The rapid adoption of genetically engineered crops has coincided with a rapid expansion of organic food production in the United States, Europe and other parts of the world.”

Commentary: 5 Minutes With Dr. Stuart SmythSo goes the introduction to a unique conference—“Achieving Coexistence of Biotech, Conventional and Organic Foods in the Marketplace”—to be held this October in Vancouver, B.C.

Is such a scenario realistic? Can producers capitalizing on the robust markets for organically grown foods—as well as other segregated, non-GMO crops—compete with, and even collaborate with, conventional producers of conventional livestock and commodity crops?

One of the co-chairs of the “coexistence 2.0” conference sounds optimistic.

Dr. Stuart Smythis a researchscientist affiliated with the University of Saskatchewan’s Department of Bioresource Policy, Business and Economics. The Canadian researcher’s focus has been on the intersection of regulation and liability as it relates to innovation, particularly in the area of agricultural biotechnology.

“The driver behind our first three conferences was the safety and testing parameters of organic and conventional foods,” Smyth said. “But two years ago, we began to explore how the marketplace can drive co-existence.”

Smyth pointed out that organic production, in livestock as well as produce and commodity crops, has been pursued in tandem with conventional and GM food production for more than 15 years in North America. “This isn’t something new,” he noted.

Moreover, to ensure that producers can meet the growing global demand for food—and satisfy the preferences of various consumer segments—industry, government and other stakeholder needto cope with puttingcomplementary market practices and regulatory policies in place, Smyth said.

But is that possible? To explore the still-novel notion of organic and conventional producers achieving the agricultural equivalent of détente, Dr. Smyth spoke with Contributing Editor Dan Murphy.

Q.First of all, how did this “Coexistence” conference come about?

Smyth: Well, the question that kept getting asked was, how do we deal with issues related to segregation of food products and commodities? How do we develop some sort of coexistence, so that we’re not shutting down borders and disrupting trade? That’s the focus of this year’s conference.

Q.Certainly in Europe and North America there is plenty of room in the marketplace for all kinds of labeling, be it organic or other specialty claims. Those segments can co-exist, because they’re marketed to different consumers. But is it possible to take that co-existence upstream, into production?

Smyth: I certainly believe that we’re close, but it requires a move away from this antagonistic attitude we find right now in agriculture, the “right to sue” anybody who has a potentially negative impact on your business. That’s beginning to happen. I know in California, there is a movement to develop what you could call a “production cooperative,” such that farmers and producers are talking among themselves about what they intend to grow—whether it’s conventional, transgenic or organic farming.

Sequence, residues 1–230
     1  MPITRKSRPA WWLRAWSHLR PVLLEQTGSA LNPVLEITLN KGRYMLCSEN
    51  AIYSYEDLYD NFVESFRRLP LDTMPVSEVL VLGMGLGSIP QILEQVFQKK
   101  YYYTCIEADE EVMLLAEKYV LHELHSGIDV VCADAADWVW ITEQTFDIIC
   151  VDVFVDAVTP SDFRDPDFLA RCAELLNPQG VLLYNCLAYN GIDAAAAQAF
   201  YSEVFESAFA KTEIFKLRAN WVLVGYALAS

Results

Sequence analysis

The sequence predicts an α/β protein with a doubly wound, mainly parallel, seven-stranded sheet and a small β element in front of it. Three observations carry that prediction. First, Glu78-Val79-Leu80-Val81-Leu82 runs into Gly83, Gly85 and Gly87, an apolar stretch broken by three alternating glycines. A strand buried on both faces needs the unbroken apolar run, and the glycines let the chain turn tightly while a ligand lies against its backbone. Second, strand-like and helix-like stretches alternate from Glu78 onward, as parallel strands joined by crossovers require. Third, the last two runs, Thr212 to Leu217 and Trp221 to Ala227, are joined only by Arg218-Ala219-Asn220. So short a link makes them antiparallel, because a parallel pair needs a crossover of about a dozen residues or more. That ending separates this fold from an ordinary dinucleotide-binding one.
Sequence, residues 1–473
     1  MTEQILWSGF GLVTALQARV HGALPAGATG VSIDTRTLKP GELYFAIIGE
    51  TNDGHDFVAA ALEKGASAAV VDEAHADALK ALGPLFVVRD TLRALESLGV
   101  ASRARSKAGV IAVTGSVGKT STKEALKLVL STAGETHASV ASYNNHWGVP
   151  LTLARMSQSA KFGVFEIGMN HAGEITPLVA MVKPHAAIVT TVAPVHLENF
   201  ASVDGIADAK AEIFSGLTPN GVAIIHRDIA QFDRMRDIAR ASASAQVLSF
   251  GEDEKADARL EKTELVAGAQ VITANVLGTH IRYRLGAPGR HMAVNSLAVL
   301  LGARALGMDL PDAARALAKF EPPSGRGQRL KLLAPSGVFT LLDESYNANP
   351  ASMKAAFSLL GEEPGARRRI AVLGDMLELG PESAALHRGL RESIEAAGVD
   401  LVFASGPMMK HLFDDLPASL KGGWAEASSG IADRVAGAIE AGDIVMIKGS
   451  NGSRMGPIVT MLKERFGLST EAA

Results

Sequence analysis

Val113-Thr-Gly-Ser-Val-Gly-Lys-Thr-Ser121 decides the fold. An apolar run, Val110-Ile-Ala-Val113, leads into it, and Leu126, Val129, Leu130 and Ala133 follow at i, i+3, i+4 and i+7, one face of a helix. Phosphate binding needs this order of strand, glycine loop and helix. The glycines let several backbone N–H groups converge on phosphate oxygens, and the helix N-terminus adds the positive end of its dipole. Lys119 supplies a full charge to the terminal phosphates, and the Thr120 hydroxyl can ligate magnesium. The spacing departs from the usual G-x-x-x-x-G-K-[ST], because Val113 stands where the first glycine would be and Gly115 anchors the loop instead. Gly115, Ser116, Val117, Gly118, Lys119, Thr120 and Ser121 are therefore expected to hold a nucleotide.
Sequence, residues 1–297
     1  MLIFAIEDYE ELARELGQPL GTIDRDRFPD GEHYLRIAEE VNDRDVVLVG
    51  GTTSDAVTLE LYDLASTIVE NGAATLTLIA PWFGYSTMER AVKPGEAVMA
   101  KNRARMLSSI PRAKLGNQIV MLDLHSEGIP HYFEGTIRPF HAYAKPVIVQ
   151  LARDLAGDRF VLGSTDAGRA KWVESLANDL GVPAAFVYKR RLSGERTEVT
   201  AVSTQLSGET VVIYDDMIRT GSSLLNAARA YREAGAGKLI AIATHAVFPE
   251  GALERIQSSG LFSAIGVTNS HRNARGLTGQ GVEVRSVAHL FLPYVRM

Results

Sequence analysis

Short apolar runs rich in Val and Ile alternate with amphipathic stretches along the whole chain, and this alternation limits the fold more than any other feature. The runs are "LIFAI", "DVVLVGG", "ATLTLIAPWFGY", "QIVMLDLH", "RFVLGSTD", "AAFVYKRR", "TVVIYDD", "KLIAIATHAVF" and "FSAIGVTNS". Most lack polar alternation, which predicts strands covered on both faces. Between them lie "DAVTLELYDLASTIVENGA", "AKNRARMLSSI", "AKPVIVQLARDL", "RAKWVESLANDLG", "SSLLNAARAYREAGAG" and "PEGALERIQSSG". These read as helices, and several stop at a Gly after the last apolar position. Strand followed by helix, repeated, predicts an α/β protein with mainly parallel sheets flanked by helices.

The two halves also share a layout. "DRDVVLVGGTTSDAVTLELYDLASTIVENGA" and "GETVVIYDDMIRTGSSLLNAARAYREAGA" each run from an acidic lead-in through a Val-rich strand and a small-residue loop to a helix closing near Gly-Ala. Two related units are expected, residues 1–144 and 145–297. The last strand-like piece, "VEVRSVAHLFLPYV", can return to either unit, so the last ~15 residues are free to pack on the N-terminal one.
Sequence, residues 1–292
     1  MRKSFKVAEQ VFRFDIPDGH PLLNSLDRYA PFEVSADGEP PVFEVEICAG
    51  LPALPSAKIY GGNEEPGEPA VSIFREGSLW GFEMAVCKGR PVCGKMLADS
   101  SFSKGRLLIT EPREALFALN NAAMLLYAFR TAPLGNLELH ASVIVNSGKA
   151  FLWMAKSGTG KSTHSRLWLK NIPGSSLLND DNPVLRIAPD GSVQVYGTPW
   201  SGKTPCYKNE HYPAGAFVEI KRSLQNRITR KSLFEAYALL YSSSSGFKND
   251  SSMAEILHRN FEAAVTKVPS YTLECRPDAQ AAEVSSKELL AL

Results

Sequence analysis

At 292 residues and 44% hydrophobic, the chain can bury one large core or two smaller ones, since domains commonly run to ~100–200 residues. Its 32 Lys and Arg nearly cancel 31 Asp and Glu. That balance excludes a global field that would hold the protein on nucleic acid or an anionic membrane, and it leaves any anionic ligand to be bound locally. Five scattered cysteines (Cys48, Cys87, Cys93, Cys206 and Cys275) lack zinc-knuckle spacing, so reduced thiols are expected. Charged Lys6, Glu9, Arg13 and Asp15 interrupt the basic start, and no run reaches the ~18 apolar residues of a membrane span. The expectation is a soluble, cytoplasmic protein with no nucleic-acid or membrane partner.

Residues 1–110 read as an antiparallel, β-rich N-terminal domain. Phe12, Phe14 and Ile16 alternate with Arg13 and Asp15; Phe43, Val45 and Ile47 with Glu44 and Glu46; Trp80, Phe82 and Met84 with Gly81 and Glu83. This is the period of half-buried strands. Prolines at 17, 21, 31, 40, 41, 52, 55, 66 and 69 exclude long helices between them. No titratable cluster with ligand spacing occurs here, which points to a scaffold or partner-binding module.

Q.Long term, there seems to be such demonization of biotechnology by activists and media members that even though it seems logical that organic farmers might benefit from transgenic technology, In fact, most organic producers use the “dangers” of GMOs as their marketing angle. Do you see any possibility of that evolving near term?

Smyth: A good question. I think even organic producers themselves would admit that part of the boost they’ve enjoyed in the marketplace these last 10 or 15 years has been because of concerns about GMOs. We don’t label [foods] as genetically engineered, and that’s worked to the organic food industry’s advantage. The consumer who wants to avoid GMOs buys organic, just to be sure. On the other hand, organic production is a passion, a belief among participants that organic farming is really the best possible way to produce food. Using biotechnology might be a logical consideration, but I think their fear of losing market share would prevent that.

Q.I would like to see the food industry voluntarily label products with some sort of statement that communicates not just acknowledging the use of genetic engineering, but describing the benefits for consumers. Is that a possibility?

Smyth: We’re moving in that direction, especially where a [manufacturer] could put quantified health claims on the label, such as eggs that now contain “enhanced” omega-3 oils, which can be accomplished with genetic engineering. That would be a positive direction to go to “sell” biotechnology to the consumer.

Q.I guess that would still engender a lot of opposition.

Smyth: Yes. The challenge is to separate the science from the politics of biotech. Right now, the two sides [organic and biotech] are like two different religions. All they know how to do is repeat, “I’m right, and you’re wrong.” At the end of the day, if both industry and government can make decisions regarding biotechnology—whether it’s applications or labeling—on the basis of what the science says, not what the politicians say, then we may see some real progress moving ahead with food production that incorporates all types of systems.

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Dan Murphy is a veteran food-industry journalist and commentator